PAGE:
Western Balkans favourable for investments

Zaev, Rama and Brnabić; Photo: Tanjug / Slobodan Miljević

LONDON – The Western Balkans is a region favourable for investments, it is said at London conference organised by the Financial Times and the Western Balkans Chamber Investment Forum (CIF) on Tuesday.

Serbia and the region have a bright future, said Serbian PM Ana Brnabić.

“Serbia is making progress every year and we really had record amounts of FDI coming into Serbia in the past couple of years after the structural reforms and after achieving macroeconomic stability back in 2015,” she said.

“Provided that the region remains stable, and we work towards a better-connected, more integrated region, I think the future is bright,” she said.

When asked about Chinese investments in Serbia, she responded Serbia was trying to attract investments from around the world.

Brnabić pointed out that the majority of citizens of Serbia support the European path.

“I believe that the road is more important than the destination, and the road is the accession process. There is no Plan B. Our foreign policy has two strategic goals – one is the EU, and the other is stability in the region,” explained the Prime Minister of Serbia.

Prime Minister of Albania Edi Rama said that the region is going through a very interesting time, and the results of reforms are visible.

He said that Albania is working hard to implement the reforms so that the country can attract more investments and provide maximum guarantees and predictability to investors.

At the same time, he added that Albania is aware that it must rely on its natural resources, especially on oil and hydroelectric potentials.

He, however, stressed that for higher growth, it is necessary to exploit the potential of the entire region, which requires better regional cooperation and interaction.

“I am convinced that if we have enough awareness and strength, we can advance in cooperation and open a new chapter, and if we can create some kind of Schengen area for the Western Balkans, then we can use all potentials,” Rama said.

Prime Minister of North Macedonia Zoran Zaev pointed out that the region of the Western Balkans today is different than before.

According to him, many things have happened, and the countries of the region are determined to connect.

He pointed out that it is important to solve the political issues that North Macedonia has solved, first with Bulgaria, and then with Greece, which already has a positive impact.

He said that after signing the Prespa Agreement, trade with Greece rose by 21%. He expressed hope that the EU will send a positive message to the region on this progress.

He also pointed out that investments in North Macedonia have increased significantly over the last seven years.

Zaev said that the common market of the Western Balkans is interesting for investors because it represents a market of 20 million citizens.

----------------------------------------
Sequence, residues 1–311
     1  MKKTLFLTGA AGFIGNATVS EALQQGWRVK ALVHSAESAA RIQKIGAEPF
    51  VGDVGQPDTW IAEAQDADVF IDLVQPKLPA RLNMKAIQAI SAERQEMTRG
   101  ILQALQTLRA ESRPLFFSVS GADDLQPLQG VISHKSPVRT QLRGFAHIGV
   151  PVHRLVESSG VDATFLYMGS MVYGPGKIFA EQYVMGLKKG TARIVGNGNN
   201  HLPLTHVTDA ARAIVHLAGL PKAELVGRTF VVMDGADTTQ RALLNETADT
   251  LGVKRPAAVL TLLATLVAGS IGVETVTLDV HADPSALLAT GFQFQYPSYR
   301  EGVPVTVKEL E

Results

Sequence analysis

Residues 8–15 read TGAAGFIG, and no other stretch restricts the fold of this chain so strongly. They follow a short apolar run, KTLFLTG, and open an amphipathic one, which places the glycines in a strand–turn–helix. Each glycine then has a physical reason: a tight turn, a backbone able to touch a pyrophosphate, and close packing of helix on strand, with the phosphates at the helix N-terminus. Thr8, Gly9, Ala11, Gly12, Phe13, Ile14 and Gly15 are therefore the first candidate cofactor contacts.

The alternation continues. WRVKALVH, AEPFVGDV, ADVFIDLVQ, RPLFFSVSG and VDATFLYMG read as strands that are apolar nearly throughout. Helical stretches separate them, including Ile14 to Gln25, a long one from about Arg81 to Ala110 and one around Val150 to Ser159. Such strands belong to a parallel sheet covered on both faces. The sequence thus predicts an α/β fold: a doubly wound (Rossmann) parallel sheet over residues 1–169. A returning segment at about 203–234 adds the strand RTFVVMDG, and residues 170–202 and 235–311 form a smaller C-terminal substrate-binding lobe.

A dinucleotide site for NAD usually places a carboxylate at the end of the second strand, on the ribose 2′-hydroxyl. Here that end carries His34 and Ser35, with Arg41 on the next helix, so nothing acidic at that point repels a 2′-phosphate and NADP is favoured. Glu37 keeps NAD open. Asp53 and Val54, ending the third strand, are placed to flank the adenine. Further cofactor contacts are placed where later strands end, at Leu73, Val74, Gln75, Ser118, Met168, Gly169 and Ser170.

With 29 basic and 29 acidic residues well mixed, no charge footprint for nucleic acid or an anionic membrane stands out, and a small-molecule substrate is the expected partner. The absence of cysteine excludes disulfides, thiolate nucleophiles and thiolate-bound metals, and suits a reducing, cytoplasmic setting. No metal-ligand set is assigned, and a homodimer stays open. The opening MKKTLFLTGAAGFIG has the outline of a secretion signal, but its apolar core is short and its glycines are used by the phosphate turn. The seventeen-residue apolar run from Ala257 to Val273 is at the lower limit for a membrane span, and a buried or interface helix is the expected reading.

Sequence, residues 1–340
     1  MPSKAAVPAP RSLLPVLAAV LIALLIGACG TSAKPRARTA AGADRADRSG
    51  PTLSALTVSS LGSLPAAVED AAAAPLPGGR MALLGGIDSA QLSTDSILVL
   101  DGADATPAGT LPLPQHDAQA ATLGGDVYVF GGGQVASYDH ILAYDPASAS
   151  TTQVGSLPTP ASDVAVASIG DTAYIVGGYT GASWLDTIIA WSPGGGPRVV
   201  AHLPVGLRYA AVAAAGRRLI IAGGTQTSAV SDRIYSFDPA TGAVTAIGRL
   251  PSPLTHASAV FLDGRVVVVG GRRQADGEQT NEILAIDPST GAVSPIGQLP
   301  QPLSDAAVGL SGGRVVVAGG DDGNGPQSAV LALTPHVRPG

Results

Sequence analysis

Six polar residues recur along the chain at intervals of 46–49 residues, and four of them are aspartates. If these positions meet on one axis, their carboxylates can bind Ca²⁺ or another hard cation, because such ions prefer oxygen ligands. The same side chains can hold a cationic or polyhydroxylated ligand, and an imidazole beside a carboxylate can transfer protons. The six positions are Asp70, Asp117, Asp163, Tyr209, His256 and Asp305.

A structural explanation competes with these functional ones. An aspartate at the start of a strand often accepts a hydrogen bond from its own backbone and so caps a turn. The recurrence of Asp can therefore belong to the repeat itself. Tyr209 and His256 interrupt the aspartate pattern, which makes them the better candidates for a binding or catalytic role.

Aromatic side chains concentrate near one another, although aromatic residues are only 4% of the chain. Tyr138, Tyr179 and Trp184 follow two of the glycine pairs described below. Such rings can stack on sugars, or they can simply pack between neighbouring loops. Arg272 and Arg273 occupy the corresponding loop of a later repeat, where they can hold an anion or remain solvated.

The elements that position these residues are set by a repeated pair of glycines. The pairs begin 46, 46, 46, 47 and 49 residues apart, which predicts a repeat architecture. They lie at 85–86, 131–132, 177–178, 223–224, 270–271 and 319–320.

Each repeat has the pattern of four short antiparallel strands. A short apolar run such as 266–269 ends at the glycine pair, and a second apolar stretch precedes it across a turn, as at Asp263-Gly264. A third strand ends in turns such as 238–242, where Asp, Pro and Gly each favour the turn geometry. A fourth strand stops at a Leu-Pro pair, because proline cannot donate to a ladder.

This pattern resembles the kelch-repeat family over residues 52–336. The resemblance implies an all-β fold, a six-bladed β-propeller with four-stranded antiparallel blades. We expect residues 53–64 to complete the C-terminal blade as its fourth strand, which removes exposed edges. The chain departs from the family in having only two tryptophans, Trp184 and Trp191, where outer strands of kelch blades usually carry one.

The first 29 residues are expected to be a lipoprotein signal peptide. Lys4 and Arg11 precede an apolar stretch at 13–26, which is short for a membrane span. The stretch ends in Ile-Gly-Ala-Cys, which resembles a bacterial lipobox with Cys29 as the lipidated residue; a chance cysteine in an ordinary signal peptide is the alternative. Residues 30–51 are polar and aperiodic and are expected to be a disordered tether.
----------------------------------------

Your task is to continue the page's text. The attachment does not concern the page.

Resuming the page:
He added that the EU does not have to decide on the accession of the countries of the region today, at a ministerial meeting in Luxembourg, but urged them to make bold decisions.

“It is not necessary for the EU to decide today whether we will open accession negotiations, but to make decisions that would encourage the region to further progress on the European path,” Zaev said.

EBRD President Suma Chakrabarti said that the region of the Western Balkans is very interesting for investors, and announced that the institution will continue to cooperate with governments and investors from the region.

According to him, the EBRD is determined to do even more and he especially thanked Zaev and Prime Minister of Greece Alexis Tsipras for achieving a brave agreement that contributed to the Western Balkans coming back to the focus of foreign investors.

He urged investors to come and exploit the potential that the region offers, adding that the Western Balkans has a stable macroeconomic situation and that it has well-educated citizens.

Linda Van Gelder, World Bank’s Regional Director for Western Balkans, pointed out that the region offers great opportunities to investors, and stressed that investors need to boost the region’s production.

Van Gelder, however, assessed that the current growth of the countries of the region is 4-5% too small for the region to reach fast Western European countries because it requires an increase of seven per cent and more.

She highlighted, in terms of investments coming from China, that it is necessary to be transparent.

President of the Chamber of Commerce and Industry of Serbia
Marko Čadež told investors that there is currently no region that would bring higher profits in the next five to seven years.

He pointed out that money invested in the Western Balkans brings much more profits than anywhere in the world.

“Today, we want to explain why it is good to invest your money and why you need to do business in the Western Balkans,” said Čadež, underlining that the region can work together.